Today's workforce in Texas is rapidly changing with an increasing number of people engaging in contract work. While there are many more people who are working as independent contractors, the laws that protect people against workplace discrimination and harassment have not caught up to the changes.
Contractors are not protected under the federal laws that protect workers against discrimination and harassment. If they face discrimination or harassment at their jobs, they have little recourse. Some states, including New York, Pennsylvania and Connecticut, have extended protections against discrimination and harassment to contract workers. In most states, however, independent contractors are largely unprotected.
More employers are classifying workers as contractors even when they might not truly be. Some employers may do this in an effort to avoid paying payroll taxes and to place the risk on the workers instead of on themselves. Independent contractors may be able to protect themselves by insisting on the inclusion of anti-discrimination and harassment provisions in their contracts.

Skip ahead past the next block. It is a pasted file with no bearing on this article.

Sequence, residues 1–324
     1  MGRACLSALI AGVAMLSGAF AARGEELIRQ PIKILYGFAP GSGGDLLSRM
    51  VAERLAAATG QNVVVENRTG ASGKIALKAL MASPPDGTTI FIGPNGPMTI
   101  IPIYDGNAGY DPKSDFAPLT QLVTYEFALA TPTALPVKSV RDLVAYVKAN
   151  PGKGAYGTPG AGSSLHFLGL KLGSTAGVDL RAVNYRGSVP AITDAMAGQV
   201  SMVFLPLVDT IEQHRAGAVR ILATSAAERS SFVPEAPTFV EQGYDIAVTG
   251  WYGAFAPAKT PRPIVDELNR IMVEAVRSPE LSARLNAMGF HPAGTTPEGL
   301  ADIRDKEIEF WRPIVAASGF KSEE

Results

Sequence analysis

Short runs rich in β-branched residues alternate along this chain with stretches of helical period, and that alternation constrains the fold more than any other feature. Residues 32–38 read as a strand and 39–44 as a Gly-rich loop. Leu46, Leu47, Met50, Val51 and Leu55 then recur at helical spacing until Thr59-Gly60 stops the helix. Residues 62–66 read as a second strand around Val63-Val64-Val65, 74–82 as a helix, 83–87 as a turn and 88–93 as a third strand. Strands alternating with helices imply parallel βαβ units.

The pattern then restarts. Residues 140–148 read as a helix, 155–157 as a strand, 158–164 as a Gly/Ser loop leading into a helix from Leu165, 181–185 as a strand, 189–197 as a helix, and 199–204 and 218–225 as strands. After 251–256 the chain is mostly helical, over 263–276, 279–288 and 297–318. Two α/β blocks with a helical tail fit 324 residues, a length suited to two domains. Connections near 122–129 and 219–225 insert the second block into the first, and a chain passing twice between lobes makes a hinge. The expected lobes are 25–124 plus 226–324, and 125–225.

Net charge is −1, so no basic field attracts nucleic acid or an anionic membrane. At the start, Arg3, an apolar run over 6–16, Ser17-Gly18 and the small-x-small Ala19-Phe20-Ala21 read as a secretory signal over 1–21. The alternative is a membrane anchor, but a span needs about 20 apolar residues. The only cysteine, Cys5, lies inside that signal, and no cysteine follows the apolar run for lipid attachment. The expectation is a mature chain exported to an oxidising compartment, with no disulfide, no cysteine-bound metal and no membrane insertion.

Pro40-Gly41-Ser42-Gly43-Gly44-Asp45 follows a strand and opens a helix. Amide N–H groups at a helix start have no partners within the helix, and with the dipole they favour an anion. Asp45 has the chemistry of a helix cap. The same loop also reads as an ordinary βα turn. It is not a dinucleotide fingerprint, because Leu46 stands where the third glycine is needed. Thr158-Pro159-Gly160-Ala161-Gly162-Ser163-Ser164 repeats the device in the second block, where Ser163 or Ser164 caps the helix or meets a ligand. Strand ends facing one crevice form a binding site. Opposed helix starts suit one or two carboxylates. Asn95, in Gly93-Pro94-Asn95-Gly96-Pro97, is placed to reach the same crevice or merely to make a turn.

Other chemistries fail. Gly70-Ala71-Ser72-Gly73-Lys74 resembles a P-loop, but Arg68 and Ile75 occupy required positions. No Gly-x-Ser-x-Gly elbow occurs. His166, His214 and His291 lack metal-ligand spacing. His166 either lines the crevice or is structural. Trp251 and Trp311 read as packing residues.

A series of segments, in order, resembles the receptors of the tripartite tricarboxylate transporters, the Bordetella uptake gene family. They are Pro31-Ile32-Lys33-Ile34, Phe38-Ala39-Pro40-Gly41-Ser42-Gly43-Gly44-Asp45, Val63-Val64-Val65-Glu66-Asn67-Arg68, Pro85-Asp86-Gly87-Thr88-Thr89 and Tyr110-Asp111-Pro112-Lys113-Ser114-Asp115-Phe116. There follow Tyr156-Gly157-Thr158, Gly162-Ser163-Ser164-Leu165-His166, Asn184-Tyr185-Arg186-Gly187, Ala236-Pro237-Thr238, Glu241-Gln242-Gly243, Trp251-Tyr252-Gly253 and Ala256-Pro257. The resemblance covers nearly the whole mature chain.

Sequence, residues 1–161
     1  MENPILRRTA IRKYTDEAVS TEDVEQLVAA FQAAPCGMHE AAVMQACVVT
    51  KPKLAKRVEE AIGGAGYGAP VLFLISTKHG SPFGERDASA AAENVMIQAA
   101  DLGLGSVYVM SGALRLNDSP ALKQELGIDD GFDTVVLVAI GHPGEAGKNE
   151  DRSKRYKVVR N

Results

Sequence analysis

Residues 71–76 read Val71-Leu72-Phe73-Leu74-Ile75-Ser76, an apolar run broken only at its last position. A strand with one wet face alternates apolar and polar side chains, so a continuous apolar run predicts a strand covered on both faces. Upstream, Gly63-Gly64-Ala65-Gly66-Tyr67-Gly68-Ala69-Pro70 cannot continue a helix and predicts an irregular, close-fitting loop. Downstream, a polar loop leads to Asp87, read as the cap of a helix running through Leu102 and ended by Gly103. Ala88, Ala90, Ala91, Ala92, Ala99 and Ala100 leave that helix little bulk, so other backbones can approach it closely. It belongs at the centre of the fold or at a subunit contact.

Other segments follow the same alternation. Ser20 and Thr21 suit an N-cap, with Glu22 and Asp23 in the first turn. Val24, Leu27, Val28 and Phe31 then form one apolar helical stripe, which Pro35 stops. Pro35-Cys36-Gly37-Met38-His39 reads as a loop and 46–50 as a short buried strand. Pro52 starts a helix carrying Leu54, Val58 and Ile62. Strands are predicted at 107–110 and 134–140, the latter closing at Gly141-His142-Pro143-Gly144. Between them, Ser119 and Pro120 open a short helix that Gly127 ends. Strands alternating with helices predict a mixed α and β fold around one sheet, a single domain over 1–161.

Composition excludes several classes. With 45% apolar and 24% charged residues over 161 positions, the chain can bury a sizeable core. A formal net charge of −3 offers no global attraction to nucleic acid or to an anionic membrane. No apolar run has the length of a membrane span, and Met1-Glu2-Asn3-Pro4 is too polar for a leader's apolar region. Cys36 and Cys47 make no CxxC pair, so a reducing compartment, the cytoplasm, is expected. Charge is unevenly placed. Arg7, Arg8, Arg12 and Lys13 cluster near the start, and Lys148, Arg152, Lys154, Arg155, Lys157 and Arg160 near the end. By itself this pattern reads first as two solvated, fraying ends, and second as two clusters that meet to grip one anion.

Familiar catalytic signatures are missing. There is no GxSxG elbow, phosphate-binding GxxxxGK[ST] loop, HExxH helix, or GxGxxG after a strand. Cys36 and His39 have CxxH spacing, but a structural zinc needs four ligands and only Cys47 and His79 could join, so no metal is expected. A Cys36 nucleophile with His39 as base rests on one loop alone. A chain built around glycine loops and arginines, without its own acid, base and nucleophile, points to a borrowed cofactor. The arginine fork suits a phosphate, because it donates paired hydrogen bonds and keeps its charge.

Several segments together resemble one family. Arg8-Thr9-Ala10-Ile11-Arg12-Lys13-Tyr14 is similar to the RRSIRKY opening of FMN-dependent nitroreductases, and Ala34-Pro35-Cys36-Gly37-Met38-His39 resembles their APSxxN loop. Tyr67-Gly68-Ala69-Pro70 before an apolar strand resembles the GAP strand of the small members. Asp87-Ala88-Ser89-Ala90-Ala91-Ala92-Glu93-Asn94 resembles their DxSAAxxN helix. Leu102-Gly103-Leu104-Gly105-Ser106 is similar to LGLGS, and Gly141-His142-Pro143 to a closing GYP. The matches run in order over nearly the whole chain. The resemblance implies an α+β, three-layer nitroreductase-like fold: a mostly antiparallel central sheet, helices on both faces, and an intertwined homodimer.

People who are classified as independent contractors and who have been the victims of harassment or discrimination at their jobs may want to talk to experienced employment law attorneys who may analyze the people's jobs to determine whether or not they are classified correctly. If the workers are not truly independent in how they perform their jobs or control their time, the attorneys may agree to take their cases. The attorneys may be able to file lawsuits against the employers for misclassifying the workers as well as for the discrimination or harassment that their clients have faced. Employment attorneys may help their clients to file complaints with the relevant agencies, including the EEOC.